When it comes to the recording stage, there are several different approaches you can take. Each approach has its advantages and disadvantages. Stereo recording is generally the preferred method for most people. If you're already making music and summing your signals to a stereo output sent to speakers or headphones, recording this won't be much different. This method is practical but comes with its downsides. It's possible to achieve professional sound and publish this recording to get very good results. However, since you can't individually manipulate each sound, they may sound more natural. Of course, there's a trade-off. Everything must be correct the first time, and there shouldn't be anything to fix afterward. This requires the right acoustic environment, monitor system, and substantial knowledge and experience. If mistakes occur, you can still use some plugins to process the stereo track and make corrections. However, these adjustments and processes come at a cost. There may be distortions in varying degrees in every processed note. Some may be very noticeable, while others may be acceptable to you. Yet, while working on a stereo track and trying to correct errors, dealing with just one instrument or channel's mistake means all channels corresponding to that second must be processed, causing distortions during the process to begin affecting all music. This is the most challenging part of working on a stereo track.


Another approach is to record in multitrack. At this point, as long as your program allows, you can send channels separately to a recording device without summing them. This way, each channel is recorded individually. Later in the editing and mixing stages, you can make changes and add more creative ideas to the mix process. When you record in multitrack, you may feel more liberated while playing music. This is because if you make a mistake, you have the option to correct it later. Additionally, it's a significant approach in today's music to layer sounds and record a single sound across multiple channels. For example, recording a synth bass as 4 channels - 3 layers, separately recording kick-snare-hi-hat, and mono lead synth, you can easily reach 8 channels. You can record all effects such as delay, reverb, granular, etc., as 100% Wet as separate layers and channels. This way, you can EQ or compress effects later.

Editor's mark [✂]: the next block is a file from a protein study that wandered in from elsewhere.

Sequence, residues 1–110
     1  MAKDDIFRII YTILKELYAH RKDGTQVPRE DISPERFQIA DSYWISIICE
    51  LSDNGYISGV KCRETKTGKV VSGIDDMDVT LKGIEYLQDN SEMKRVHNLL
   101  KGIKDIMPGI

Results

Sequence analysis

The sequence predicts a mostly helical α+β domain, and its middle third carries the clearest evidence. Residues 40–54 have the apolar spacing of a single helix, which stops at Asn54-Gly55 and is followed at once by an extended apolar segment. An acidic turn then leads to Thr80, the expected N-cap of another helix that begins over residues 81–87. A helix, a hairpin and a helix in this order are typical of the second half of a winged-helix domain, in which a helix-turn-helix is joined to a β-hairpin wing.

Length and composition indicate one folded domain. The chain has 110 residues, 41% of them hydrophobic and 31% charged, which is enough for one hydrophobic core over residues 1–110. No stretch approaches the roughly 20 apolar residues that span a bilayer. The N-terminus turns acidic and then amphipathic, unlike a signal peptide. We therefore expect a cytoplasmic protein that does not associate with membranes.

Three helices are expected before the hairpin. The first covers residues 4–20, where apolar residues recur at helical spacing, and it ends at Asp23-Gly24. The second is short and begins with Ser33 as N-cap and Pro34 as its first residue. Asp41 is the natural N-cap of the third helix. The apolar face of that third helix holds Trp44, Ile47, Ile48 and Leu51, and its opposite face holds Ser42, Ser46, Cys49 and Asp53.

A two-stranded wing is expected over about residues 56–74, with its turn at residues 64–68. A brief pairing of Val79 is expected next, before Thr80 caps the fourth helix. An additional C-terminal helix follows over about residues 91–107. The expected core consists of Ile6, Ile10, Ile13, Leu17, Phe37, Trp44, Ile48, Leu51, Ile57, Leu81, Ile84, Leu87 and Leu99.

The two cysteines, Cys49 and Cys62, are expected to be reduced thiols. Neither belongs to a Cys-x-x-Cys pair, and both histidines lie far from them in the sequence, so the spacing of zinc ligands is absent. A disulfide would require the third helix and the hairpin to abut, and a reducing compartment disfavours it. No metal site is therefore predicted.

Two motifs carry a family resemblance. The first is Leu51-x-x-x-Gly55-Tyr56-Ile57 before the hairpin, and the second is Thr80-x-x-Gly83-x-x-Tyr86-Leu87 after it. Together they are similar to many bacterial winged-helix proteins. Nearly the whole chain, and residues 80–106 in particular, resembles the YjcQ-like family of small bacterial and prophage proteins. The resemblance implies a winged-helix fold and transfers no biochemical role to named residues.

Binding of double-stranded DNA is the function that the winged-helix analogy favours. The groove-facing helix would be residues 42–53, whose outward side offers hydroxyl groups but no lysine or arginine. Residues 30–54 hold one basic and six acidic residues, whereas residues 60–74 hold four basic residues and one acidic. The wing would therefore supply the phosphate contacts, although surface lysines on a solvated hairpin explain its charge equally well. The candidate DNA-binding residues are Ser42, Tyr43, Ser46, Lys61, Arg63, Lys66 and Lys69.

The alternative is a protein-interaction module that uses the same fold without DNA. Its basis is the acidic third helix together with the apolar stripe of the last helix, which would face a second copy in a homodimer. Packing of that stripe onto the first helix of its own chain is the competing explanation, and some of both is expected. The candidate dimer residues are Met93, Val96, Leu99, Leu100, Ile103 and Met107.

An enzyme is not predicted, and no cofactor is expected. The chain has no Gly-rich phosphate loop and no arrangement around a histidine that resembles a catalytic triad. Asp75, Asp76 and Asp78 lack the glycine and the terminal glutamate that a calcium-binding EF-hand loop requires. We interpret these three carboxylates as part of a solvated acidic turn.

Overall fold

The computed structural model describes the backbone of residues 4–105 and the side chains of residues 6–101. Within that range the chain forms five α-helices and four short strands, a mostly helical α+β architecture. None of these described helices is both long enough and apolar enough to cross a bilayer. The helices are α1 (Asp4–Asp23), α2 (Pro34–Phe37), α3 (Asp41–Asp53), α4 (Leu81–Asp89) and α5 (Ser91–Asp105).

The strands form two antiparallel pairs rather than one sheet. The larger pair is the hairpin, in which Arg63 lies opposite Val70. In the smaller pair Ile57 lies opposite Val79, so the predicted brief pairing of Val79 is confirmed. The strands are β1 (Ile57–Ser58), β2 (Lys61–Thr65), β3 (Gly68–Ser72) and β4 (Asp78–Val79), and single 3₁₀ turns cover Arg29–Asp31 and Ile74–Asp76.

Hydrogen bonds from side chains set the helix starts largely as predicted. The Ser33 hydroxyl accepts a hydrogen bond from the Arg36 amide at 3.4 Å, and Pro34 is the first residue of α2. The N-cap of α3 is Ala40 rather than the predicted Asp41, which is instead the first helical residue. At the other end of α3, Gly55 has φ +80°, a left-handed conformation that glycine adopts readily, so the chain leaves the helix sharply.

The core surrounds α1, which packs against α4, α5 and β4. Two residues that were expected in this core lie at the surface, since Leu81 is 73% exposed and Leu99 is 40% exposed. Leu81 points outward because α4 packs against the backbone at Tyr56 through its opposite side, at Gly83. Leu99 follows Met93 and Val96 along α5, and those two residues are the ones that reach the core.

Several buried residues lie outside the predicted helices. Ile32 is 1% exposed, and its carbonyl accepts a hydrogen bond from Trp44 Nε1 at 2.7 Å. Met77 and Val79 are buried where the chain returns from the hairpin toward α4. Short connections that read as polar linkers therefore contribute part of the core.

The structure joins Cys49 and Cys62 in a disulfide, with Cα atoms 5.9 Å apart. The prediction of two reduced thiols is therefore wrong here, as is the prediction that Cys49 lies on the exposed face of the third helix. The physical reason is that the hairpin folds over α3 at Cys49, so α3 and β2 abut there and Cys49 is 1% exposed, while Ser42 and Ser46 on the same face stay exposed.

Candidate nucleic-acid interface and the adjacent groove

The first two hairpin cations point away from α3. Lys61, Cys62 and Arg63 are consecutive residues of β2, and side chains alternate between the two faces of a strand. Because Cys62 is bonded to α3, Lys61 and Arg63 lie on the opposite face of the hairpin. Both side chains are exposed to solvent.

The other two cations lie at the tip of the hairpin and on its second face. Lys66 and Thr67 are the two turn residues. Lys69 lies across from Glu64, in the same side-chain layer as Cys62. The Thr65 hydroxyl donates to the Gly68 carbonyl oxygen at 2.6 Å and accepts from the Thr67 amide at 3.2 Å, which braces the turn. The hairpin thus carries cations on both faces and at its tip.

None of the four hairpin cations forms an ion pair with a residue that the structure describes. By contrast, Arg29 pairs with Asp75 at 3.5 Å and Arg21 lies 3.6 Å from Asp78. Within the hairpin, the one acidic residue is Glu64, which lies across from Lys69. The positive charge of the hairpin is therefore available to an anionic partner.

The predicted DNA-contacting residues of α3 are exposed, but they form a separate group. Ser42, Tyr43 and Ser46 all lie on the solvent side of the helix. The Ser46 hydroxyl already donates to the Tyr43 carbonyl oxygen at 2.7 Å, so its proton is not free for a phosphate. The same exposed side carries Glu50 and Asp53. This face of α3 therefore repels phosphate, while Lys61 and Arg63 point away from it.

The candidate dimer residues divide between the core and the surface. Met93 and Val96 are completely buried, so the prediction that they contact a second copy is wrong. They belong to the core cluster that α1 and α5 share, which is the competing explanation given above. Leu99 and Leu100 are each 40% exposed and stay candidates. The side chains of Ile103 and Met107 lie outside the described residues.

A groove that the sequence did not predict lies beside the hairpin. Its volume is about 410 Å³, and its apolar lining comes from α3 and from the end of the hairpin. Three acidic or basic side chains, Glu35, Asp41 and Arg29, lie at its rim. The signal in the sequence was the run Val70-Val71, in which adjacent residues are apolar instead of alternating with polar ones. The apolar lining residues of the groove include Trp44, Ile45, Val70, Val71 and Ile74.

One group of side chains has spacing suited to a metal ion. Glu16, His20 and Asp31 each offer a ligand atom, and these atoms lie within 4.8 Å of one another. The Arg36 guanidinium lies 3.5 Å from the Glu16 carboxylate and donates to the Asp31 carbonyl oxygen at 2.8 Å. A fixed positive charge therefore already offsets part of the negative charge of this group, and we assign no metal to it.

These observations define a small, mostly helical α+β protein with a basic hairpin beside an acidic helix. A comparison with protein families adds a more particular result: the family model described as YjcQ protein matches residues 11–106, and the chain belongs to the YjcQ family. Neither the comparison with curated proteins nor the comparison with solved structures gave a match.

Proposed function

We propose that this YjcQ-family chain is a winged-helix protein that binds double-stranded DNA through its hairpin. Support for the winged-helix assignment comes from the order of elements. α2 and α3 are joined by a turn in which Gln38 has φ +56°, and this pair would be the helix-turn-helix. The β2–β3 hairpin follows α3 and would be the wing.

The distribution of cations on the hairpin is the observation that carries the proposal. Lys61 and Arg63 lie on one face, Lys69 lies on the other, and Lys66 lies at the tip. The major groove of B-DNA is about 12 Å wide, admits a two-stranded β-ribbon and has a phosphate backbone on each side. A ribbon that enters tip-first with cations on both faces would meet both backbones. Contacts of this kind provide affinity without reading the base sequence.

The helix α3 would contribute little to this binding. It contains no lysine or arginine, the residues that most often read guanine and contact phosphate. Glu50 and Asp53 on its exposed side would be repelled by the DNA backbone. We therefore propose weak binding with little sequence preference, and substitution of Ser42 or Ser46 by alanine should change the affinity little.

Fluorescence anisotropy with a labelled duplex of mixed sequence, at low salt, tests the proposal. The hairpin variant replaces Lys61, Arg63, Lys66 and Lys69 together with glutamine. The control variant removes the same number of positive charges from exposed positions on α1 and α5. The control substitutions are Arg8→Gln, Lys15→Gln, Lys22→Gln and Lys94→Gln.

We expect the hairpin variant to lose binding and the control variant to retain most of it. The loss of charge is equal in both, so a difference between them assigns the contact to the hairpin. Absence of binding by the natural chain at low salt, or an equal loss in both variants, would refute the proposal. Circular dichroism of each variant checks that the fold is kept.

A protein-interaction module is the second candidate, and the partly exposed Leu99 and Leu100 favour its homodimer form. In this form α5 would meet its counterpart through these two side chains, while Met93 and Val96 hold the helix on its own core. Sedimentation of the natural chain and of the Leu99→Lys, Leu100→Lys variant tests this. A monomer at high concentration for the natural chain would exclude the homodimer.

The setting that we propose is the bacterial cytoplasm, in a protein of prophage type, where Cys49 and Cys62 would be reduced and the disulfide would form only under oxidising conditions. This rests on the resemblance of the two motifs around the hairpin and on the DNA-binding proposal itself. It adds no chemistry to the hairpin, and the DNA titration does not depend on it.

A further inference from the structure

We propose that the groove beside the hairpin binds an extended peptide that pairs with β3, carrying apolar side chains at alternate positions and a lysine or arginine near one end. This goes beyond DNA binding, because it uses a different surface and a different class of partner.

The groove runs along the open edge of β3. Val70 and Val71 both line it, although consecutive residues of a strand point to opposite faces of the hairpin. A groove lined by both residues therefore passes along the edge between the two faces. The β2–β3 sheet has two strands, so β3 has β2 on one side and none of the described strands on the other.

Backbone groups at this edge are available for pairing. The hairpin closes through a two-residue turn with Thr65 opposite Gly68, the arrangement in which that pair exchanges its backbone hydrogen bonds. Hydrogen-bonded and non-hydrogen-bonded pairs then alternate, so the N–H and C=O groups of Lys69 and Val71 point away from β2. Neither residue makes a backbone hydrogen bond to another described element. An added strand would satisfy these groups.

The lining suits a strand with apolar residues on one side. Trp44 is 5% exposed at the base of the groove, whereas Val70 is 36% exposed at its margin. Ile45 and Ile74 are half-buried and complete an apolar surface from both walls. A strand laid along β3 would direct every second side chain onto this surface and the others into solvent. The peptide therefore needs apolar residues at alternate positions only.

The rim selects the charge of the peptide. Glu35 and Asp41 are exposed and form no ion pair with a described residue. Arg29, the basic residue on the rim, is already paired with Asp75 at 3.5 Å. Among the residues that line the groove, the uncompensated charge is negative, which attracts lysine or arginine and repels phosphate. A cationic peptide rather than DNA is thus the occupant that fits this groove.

Even if music is recorded multitrack, there is no obligation to remix later. If you are confident that the sounds are good enough and have the knowledge and equipment to evaluate them, this method can indeed be a professional option to achieve the desired sound and music style. If you have a multitrack-recorded song, spending as much time mixing it as in the production stage, processing the song with a computer or analog gear can have significant musical effects. It's possible to achieve significant musical effects through mixing alone. With the capabilities offered by technology, many corrections and musical touches can be made in this production logic.